Kenya hosts the world junior athletics championships in just over a year, hoping to showcase its future stars and the potential the country has to stage international athletics competitions.
Athletes are training hard, but preparations for the event have stalled amid constructions delays and the government’s failure to deliver promised upgrades to sports facilities including new stadiums.
“Our athletes have suffered a lot,” said Elias Kiptum Mahindi, a two-time winner of the Linz marathon in Austria, who has trained in the high-altitude town of Iten, the cradle of Kenyan champions, for the past decade.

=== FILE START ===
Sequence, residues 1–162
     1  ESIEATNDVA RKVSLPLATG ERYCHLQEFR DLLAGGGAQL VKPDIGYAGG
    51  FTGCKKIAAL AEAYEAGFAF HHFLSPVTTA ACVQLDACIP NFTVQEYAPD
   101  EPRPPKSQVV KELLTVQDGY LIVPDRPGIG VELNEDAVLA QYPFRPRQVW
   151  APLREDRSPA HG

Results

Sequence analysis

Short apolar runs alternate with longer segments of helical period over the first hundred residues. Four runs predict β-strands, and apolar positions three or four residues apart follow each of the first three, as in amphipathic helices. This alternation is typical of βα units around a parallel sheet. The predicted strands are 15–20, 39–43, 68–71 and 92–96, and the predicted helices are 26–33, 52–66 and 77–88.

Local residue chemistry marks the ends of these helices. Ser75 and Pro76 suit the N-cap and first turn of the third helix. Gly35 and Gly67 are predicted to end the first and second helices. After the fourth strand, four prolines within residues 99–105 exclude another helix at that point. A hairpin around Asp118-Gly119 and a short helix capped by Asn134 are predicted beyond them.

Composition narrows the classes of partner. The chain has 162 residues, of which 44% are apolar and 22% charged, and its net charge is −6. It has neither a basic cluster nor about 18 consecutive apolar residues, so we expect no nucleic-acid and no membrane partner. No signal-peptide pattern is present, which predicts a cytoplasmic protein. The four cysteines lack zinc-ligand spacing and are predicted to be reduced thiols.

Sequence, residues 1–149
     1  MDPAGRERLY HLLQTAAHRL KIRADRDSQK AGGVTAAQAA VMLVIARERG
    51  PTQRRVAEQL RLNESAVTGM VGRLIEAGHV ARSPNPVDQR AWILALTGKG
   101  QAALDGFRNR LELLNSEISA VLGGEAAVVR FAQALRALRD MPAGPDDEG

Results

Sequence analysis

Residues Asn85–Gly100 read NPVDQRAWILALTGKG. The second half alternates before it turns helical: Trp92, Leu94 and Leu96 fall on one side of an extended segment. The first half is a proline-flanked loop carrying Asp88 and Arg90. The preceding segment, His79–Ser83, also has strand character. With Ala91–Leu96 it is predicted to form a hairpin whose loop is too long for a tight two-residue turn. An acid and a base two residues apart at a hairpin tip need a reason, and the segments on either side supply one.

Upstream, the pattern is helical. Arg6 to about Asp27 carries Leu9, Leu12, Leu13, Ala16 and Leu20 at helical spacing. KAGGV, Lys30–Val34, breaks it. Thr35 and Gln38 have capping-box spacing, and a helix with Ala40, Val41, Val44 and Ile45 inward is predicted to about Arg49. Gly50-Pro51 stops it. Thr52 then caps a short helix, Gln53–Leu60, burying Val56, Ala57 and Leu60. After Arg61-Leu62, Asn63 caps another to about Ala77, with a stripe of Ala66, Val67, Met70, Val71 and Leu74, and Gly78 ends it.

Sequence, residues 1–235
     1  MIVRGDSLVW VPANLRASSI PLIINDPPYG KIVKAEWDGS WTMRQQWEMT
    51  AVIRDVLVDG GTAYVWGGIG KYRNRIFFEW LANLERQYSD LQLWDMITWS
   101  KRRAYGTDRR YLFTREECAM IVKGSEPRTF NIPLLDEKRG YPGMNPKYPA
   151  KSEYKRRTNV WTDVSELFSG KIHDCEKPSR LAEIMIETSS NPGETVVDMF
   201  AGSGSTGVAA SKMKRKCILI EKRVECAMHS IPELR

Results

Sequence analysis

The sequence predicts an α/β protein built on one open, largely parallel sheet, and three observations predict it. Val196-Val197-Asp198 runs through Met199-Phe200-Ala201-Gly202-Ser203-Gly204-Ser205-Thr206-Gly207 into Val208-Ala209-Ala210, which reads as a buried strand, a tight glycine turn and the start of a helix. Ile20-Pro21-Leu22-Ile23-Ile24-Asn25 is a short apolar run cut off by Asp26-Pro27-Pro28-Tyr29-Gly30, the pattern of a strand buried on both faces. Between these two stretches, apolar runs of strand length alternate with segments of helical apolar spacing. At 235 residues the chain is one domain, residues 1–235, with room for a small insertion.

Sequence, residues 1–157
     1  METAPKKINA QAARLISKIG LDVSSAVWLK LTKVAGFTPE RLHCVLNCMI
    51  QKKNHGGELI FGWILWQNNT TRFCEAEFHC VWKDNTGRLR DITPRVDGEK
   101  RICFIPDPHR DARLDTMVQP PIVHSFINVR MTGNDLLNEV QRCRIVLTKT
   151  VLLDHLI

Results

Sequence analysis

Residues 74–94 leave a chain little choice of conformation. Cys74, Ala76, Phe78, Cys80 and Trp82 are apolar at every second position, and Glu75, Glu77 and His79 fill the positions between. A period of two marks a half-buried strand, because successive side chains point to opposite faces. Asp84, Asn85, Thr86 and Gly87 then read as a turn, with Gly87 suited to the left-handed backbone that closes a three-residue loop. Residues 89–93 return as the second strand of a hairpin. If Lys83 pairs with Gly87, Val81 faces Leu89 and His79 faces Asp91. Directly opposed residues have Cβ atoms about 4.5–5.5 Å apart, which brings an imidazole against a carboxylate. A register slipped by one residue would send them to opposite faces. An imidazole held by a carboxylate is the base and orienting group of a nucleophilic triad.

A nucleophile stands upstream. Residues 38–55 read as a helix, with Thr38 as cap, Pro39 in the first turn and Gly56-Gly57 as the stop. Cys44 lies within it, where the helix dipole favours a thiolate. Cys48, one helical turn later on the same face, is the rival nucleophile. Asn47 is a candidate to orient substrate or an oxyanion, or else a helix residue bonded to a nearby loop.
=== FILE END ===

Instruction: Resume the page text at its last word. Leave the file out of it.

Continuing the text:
Iten, 2,400 metres (7,874 feet) above sea level, has been the training site for Olympic medal winners including David Rudisha, the former world marathon record holder Wilson Kipsang, and current women’s marathon record holder Mary Keitany.
“The athletes really like the serenity Iten provides,” Mahindi said. “The climate and the conditions here are very good.”
But ambitious plans to improve facilities have resulted in running tracks being closed for months and no sign of them reopening.
“We are urging the national government and those responsible to help us,” Mahindi said.
When Kenyan President Uhuru Kenyatta was first elected in 2013, he listed nine stadiums to be built or refurbished.
They included the famous Kamariny stadium in Iten, and the two big stadiums in Eldoret and Kapsabet, both named after Kenya’s legendary athlete Kipchoge Keino.
Six years later, none of the stadiums are ready.